Permanent War is Killing Us: Time for Solidarity
What do you care about?
I became a physician because I care about people’s health. Specifically, I became a pediatrician because children are our future and I wanted to be part of the community that gives each child tools for a healthy, productive and fulfilling life.
Sadly, I discovered during my pediatric practice that the health environment in this country, unlike every other industrialized nation, is heavily corporatized and so places tremendous barriers to care. This makes high quality care difficult for physicians to provide and patients to receive. Now I advocate full-time for a national health program, Medicare for all, so that every person living in the United States will have access to the same standard of high quality medical care.
Each of us has an issue that we care deeply about. Each of us works in our own way to create change. We call our members of Congress, send emails, educate others about our issue, attend rallies and fundraisers. Yet despite this, the social wellbeing of our nation continues to deteriorate. Our resources are used to build bases and weapons of war while at home education, access to health care and jobs are declining and incarceration rates, homicide rates and stress levels are soaring.
Our current state of permanent war is killing us. There are the consequences of sending our people out to kill and the psychological harm which may lead to violence at home. There are the injuries from which many of our military members will never fully recover and the resulting costs to them and to their families, including bankruptcy and foreclosure from medical bills.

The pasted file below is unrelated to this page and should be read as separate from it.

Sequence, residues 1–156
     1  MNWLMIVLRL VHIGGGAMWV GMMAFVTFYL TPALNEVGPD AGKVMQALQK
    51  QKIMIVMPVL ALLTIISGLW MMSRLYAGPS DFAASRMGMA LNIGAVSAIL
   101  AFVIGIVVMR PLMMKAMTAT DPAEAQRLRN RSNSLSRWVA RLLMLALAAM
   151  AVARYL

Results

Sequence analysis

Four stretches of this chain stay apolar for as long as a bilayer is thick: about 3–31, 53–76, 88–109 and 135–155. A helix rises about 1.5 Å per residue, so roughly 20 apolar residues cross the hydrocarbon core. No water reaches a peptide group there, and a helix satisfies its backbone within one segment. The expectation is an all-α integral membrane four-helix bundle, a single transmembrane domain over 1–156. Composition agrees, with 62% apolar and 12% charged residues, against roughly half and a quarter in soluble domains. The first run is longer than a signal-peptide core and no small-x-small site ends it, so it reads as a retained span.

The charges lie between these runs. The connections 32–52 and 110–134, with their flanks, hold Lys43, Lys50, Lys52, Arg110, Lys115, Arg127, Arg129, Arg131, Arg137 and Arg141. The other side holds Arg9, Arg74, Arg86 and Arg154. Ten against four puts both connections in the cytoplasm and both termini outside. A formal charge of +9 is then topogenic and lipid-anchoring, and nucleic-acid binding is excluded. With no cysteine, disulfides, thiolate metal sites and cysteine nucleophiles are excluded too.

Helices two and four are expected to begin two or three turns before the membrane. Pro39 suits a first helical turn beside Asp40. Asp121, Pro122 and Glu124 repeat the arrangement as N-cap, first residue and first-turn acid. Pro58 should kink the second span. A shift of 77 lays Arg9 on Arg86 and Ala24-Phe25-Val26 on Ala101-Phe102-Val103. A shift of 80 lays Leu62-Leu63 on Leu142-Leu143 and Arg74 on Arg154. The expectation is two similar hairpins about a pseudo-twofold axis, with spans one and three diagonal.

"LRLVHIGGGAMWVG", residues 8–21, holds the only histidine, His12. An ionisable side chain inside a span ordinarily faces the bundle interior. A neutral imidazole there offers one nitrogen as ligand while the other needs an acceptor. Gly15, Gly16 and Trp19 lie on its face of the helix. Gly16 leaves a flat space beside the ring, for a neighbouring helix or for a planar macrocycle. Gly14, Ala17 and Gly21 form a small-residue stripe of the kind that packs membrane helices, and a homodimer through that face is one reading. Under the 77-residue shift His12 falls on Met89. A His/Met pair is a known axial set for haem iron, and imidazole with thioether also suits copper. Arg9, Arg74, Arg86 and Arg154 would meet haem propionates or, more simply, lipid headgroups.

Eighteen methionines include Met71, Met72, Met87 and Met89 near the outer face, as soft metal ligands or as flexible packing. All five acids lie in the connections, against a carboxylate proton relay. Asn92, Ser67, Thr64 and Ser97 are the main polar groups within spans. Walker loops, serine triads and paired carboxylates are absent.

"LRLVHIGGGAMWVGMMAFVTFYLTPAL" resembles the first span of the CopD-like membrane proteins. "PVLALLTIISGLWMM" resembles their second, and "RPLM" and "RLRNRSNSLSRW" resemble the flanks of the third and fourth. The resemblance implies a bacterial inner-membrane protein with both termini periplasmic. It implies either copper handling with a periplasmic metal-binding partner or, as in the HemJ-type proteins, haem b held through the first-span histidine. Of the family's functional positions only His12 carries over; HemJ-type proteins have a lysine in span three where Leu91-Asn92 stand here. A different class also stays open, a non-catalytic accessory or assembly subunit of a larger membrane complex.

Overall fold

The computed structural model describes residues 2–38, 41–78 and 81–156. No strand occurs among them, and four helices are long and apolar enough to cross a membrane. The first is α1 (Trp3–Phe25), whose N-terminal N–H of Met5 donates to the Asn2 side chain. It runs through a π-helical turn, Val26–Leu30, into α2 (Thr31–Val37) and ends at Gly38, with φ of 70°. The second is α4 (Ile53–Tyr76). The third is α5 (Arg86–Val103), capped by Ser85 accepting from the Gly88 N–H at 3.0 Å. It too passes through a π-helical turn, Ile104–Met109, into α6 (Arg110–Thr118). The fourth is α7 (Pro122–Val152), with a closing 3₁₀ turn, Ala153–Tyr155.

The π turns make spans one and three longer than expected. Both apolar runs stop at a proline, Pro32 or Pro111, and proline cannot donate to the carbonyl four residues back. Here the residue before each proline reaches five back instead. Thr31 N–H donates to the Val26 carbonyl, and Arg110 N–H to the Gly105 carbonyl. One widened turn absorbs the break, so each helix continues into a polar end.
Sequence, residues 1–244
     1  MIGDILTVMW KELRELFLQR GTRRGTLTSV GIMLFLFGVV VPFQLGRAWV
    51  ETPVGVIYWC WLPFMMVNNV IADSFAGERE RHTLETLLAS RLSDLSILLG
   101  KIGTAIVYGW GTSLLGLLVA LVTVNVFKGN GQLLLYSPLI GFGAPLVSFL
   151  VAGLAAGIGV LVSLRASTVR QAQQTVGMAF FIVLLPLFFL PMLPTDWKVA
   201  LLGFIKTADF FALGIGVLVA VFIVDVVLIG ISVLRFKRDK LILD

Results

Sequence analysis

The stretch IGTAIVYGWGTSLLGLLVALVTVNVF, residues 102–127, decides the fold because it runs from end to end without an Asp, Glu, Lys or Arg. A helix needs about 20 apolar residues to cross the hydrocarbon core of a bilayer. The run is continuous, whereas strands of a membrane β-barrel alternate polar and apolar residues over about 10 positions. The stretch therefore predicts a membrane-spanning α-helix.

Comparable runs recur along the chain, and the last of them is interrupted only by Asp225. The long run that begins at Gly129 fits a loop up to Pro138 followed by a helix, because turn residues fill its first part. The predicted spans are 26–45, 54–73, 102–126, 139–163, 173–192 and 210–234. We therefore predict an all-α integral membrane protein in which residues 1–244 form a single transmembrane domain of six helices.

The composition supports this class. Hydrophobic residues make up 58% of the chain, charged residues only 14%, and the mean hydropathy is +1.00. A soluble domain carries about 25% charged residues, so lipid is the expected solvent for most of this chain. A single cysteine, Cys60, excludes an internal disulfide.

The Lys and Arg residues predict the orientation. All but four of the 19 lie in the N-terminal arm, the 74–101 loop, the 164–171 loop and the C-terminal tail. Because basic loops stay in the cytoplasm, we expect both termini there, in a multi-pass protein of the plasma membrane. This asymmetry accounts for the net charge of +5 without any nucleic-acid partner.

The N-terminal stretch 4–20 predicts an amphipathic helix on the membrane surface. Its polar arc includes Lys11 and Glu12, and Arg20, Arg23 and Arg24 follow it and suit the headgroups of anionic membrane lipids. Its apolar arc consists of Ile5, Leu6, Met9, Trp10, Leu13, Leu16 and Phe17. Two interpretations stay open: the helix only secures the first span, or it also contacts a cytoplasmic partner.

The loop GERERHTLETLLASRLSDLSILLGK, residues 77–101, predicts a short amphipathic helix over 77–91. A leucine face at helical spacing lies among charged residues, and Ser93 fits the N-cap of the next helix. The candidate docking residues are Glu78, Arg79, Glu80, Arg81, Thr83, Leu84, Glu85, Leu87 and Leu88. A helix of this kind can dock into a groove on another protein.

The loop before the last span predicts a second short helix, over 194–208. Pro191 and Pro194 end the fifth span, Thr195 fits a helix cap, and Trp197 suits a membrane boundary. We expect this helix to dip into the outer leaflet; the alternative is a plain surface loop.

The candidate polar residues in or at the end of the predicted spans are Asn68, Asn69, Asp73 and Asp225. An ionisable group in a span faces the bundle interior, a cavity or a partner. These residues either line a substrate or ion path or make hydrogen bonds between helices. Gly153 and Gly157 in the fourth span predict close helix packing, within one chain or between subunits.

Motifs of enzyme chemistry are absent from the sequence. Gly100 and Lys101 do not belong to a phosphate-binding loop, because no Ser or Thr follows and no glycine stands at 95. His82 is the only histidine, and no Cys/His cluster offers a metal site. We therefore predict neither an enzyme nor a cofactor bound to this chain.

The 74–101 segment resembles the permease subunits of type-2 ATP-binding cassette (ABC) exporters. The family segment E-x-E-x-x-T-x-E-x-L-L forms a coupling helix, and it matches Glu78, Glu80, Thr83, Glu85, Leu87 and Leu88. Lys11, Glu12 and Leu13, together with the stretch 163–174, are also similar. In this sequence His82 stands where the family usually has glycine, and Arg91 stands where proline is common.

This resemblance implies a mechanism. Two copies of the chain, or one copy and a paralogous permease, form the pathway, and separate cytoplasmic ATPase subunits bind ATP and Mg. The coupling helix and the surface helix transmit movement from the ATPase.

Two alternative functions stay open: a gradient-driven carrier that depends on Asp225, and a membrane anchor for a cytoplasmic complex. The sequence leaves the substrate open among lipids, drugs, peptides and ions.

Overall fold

There is the squandering of our youth who, unable to afford college or to find a job, are lured by the promises of recruiters and see no other option but to join the military. Imagine if instead of spending one million dollars a year to send one soldier to Afghanistan we spent the money to provide twenty people with an education or jobs at home. Imagine if that person were employed not to kill but to create, to improve conditions at home.
I’m certain you could find many other ways that issues of peace and social and economic justice are interrelated. The point is that it is time to stand together in solidarity and to demand the social changes that we require. Those who are most affected are the ones with the greatest moral authority to speak out and we must stand behind them in their actions.
This is why I will stand behind the veterans on December 16th at the White House and will join them in their action. They know the ravages of war. And they are laying the path that we must take of non-violent resistance, actions increasing in size and frequency.
All of the signs point to tougher times ahead, economically and also the consequences we will face because of our actions. History tells us that we can expect that as Power feels threatened, our civil liberties will be further stolen from us and some will be treated harshly and unjustly for speaking out such as Bradley Manning and Julian Assange are experiencing at present. The propaganda and attacks against those who dare to speak out will increase.
However, in these times, it is more important than ever that we do speak out. To be silent is to be complicit. We must not be complicit. We must stand together strongly on the side of justice so that one day justice will prevail.
Margaret Flowers, M.D. is a pediatrician from Baltimore who volunteers as Congressional Fellow for Physicians for a National Health Program and serves on the board of Healthcare-Now.
To learn more about the December 16th action, visit www.stopthesewars.org.